# Solid-state Symmetry Operations

Solid-state symmetry operations are used in two ways in Program BZ.

(A)  To symmetrize the energy matrix so that the band-structure is more symmetric.  If symmetry operations are not performed on a band-structure, then small artifacts can appear in band structures.  For example, bands of different symmetry should be able to cross.  If the energy matrix is not symmetrized, small errors in symmetry, due to errors in geometry or insufficiently tight criteria, can result in small gaps between the bands, resulting in the appearance of a non-crossing interaction.

(B)  To generate the little group for a point in k-space, i.e., symmetry theory can be used in analyzing the properties of individual points in the Brillouin zone.

### Description and construction of the symmetry-operations file <file>.ops

Because of the usefulness of symmetry, the option exists to read in all the space-group operations for the system.  For a file containing energy band information <file>.brz, the symmetry operations would be provided in a file named <file>.ops.  If <file>.ops is  present, these operations will be automatically used in constructing little groups and in symmetrizing the band structure.

The order of translation vectors is important. Within BZ, k-space is orientated so that the first k-direction is along the "x" axis, the second k-direction is in the "xy" plane, and the third k-direction is out-of-plane.  If the axes are all at 90° to each other, no problems arise. If the axes are not all at 90° to each other, then for the symmetry operations to work, the order of the axes is important.   If, as would normally be the case, internal coordinates are used, then the first translation direction should be along the unique axis, if one exists.  For a worked example see graphite.

Symmetry operations are represented by the product of a point-group operation and a translation in the crystallographic unit cell. Each symmetry operation is defined using 12 data, these are, in order:

 Datum Value Purpose 1 0 Pure rotation or identity operation 1 1 Inversion operation 1 2 End of symmetry operations 2-4 0 No translation 2-4 2 or larger The reciprocal of the fraction non-trivial translation vector in eachof the three directions.  For example, "2 0 0" would represent a translation of 0.5, 0.0, 0.0 of the crystallographic unit cell or half a translation vector representing motion through one unit cell in the first translation direction. 5 n.nn The rotation angle expressed as a fraction of a circle. Example: 0.1666 represents a rotation of 60º, i.e.,  360 times 1/6. 6-8 a.aa b.bb c.cc The axis for the rotation.  This can be un-normalized.  If no rotation is involved, then use (0.0 0.0 1.0) 9-11 a.aa b.bb c.cc The location of the center of the point-group operation, in Ångstroms.  In most systems, the first atom will be at the origin, i.e., at coordinates (0.0,0.0,0.0)  A useful strategy is to make sure that atom 1 is at the center of symmetry.  If the center of the point-group operation is between atoms, then use the MOPAC data set, output, or arc file to work out its coordinates.IF POSSIBLE, AVOID USING NON-ZERO VALUES.  USE NON-TRIVIAL TRANSLATIONS INSTEAD.ONLY USE NON-ZERO VALUES FOR POLYMERS. 12 text A brief (max: 12 characters) description of the operation.  The text must be preceded and followed by either an inverted comma (') or a quotation symbol (").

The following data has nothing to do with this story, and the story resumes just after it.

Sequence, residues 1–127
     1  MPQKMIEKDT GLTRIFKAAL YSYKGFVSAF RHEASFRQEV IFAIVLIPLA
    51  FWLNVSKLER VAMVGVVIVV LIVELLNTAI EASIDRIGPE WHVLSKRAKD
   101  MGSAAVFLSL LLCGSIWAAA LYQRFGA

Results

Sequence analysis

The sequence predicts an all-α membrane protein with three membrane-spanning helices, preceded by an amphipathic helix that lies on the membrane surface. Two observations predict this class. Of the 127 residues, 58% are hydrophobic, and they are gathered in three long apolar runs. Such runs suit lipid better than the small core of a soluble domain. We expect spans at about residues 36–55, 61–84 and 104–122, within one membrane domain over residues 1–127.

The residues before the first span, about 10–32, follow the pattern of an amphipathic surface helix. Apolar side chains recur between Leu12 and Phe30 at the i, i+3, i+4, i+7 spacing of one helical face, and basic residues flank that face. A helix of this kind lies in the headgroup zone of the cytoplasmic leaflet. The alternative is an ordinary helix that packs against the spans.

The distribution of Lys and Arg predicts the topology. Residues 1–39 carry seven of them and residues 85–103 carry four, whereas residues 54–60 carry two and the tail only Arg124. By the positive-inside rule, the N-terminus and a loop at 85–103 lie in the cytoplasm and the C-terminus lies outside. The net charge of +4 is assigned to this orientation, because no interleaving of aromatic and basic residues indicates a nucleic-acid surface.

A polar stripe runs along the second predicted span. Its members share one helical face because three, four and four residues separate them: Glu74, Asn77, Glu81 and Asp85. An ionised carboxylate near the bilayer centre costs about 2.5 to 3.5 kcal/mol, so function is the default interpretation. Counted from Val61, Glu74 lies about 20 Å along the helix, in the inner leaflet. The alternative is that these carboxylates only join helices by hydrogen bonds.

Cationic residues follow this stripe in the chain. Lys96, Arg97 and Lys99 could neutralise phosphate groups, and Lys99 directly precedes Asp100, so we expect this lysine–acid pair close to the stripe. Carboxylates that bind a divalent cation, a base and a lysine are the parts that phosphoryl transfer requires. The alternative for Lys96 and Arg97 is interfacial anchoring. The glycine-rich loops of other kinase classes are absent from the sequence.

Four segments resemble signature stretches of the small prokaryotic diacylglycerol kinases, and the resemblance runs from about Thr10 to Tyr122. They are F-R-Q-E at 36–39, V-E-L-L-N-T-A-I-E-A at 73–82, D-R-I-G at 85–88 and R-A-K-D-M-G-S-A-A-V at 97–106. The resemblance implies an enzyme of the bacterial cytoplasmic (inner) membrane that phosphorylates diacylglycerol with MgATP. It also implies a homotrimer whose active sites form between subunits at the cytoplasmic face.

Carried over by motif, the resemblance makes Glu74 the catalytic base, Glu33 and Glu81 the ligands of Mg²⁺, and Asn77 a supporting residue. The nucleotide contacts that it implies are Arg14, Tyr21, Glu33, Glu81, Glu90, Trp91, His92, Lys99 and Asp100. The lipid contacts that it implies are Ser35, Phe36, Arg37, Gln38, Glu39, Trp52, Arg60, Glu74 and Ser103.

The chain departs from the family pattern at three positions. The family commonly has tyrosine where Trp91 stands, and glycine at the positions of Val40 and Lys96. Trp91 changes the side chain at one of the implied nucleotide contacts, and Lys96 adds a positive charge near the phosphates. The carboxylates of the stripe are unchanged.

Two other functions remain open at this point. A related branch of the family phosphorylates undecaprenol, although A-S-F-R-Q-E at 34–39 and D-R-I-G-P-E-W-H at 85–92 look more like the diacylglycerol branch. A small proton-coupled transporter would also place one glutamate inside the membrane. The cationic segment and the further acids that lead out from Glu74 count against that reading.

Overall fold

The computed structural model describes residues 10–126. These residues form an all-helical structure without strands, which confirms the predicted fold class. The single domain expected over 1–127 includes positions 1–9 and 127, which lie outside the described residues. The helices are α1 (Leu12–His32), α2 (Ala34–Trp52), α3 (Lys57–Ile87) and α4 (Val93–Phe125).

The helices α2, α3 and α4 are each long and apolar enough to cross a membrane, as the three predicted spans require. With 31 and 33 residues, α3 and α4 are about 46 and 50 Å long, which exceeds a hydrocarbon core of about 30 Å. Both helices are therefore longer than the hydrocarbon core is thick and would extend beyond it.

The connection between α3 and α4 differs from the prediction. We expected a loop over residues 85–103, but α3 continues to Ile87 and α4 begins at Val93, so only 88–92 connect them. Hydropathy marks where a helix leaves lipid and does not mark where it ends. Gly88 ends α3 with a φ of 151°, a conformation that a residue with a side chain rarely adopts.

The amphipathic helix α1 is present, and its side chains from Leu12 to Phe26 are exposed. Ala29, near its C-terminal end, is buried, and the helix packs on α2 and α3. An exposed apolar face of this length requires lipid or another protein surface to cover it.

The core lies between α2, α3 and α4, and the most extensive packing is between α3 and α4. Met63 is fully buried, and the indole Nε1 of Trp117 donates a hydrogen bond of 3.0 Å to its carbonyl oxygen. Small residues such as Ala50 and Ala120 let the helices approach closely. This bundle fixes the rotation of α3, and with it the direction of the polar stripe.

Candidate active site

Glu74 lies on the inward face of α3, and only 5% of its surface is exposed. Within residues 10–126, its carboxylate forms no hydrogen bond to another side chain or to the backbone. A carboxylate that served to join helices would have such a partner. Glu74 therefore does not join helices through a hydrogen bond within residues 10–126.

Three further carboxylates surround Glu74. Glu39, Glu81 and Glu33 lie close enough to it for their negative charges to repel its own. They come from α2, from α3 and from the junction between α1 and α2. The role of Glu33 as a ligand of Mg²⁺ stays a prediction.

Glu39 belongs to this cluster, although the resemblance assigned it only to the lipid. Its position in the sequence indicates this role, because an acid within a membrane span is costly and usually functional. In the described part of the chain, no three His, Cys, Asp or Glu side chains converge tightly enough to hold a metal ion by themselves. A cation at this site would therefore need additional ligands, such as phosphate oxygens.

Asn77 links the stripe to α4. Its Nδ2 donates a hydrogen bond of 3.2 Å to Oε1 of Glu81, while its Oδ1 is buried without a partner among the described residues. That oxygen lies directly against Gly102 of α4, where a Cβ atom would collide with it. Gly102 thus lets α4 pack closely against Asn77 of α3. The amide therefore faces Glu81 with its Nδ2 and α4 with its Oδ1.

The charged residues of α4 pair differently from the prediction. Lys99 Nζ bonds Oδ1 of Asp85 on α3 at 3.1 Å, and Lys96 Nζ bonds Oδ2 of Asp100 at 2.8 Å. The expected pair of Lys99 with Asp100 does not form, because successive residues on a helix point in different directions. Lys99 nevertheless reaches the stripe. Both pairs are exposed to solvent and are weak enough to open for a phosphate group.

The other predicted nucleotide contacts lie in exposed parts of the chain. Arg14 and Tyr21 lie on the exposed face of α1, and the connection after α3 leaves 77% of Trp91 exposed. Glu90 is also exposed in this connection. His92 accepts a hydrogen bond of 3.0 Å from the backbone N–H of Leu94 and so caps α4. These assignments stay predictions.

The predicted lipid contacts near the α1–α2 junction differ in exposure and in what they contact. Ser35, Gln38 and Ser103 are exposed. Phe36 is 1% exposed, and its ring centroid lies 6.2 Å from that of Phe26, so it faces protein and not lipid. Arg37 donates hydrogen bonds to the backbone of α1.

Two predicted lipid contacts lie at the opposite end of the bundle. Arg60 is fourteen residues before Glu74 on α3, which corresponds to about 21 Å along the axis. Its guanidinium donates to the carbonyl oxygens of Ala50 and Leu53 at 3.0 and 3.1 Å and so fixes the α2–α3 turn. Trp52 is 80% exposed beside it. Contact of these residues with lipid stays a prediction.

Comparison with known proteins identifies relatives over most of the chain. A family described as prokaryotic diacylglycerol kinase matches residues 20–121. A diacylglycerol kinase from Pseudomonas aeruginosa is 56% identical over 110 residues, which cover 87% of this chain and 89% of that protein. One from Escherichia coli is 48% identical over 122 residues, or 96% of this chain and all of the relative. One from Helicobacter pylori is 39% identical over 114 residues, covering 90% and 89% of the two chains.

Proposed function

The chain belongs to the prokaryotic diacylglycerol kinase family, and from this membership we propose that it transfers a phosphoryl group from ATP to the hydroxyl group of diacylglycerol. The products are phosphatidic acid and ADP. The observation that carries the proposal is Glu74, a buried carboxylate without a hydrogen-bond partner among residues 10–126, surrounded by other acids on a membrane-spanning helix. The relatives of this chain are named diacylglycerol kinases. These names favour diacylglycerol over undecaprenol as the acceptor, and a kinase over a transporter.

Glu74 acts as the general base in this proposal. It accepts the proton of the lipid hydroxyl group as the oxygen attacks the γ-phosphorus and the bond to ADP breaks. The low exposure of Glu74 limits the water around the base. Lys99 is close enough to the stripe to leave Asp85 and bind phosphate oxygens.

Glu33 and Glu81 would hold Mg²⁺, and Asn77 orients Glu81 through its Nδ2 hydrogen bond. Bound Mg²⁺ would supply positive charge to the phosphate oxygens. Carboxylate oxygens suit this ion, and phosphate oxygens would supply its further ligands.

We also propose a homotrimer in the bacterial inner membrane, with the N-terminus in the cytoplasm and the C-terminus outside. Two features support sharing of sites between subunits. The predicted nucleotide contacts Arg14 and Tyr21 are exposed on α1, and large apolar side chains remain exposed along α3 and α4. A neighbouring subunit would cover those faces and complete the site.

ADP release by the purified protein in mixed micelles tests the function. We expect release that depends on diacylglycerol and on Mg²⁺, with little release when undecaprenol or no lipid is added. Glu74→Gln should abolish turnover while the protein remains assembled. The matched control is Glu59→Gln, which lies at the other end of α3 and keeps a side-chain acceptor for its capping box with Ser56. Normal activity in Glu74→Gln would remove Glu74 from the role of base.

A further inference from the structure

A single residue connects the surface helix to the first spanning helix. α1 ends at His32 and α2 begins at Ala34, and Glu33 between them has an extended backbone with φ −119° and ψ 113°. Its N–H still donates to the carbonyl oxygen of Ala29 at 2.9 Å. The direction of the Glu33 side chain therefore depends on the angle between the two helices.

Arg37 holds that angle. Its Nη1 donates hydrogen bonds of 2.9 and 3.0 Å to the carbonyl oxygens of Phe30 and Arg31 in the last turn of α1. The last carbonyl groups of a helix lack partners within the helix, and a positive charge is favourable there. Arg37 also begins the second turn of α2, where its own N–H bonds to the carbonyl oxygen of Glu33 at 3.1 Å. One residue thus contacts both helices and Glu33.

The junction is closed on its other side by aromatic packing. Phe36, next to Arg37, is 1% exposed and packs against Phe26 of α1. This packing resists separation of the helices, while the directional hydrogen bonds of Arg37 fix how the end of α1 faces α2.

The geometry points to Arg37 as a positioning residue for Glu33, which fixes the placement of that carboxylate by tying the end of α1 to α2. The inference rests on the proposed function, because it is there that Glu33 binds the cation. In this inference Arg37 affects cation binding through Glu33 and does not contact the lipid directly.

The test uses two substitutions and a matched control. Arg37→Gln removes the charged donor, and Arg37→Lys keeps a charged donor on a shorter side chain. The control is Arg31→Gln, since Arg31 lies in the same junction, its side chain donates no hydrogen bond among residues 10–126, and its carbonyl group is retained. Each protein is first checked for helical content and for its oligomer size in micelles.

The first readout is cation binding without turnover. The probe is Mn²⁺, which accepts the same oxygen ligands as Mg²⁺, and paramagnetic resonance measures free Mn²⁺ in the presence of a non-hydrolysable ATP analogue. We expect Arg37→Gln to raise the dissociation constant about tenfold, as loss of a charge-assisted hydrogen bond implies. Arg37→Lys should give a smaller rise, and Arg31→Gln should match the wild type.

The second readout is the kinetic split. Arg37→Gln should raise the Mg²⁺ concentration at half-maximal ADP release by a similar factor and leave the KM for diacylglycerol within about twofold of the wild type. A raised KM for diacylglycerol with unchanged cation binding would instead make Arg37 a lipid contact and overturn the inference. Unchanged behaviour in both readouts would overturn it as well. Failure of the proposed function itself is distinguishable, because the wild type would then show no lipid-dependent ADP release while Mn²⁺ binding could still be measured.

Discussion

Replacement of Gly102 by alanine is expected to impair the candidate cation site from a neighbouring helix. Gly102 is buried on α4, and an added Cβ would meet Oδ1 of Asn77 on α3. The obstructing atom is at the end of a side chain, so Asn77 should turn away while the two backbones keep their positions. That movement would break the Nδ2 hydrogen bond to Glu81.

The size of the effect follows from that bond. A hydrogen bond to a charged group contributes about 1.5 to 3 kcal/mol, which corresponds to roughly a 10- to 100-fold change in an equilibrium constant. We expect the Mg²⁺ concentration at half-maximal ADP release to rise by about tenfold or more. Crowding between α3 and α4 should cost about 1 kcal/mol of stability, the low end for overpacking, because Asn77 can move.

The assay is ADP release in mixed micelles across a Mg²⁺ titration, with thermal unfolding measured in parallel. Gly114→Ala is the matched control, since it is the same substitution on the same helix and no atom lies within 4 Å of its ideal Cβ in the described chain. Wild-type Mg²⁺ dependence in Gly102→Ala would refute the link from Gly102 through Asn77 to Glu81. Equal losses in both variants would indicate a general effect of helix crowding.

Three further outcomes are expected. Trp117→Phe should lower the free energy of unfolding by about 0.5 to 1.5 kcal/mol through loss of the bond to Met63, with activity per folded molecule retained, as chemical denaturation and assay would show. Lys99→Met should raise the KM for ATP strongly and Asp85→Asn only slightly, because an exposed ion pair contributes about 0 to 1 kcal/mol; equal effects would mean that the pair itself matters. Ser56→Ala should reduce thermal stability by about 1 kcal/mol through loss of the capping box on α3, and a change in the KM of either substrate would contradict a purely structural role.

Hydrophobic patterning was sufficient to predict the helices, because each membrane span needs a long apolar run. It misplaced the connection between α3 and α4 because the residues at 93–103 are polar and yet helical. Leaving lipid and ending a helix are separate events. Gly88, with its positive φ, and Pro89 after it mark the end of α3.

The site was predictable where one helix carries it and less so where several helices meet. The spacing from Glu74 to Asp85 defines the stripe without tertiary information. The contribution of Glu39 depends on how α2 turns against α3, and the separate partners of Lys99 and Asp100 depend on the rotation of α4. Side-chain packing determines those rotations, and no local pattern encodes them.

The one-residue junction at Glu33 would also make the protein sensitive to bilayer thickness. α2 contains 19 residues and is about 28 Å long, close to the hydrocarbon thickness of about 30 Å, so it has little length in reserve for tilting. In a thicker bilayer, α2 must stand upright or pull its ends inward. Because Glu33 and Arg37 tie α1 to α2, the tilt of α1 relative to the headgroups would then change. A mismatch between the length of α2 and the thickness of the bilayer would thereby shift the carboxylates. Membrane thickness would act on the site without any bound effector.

Examples of such data are:

```0 0 0 0 0.5       1.0       0.0       0.0  0.0 0.0 0.0  'C2=C4(2)'
0 2 2 2 0.25      0.0       1.0       0.0  0.0 0.0 0.0  'C4'
1 2 2 2 0.5       0.0       1.0       0.0  0.0 0.0 0.0  'Sigma-h'
2 0 0 0 0.0       0.0       0.0       1.0  0.0 0.0 0.0  'End'```